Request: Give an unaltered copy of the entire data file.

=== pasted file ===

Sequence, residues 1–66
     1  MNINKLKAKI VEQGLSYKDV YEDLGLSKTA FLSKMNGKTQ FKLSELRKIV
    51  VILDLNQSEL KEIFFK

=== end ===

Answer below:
Sequence, residues 1–66
     1  MNINKLKAKI VEQGLSYKDV YEDLGLSKTA FLSKMNGKTQ FKLSELRKIV
    51  VILDLNQSEL KEIFFK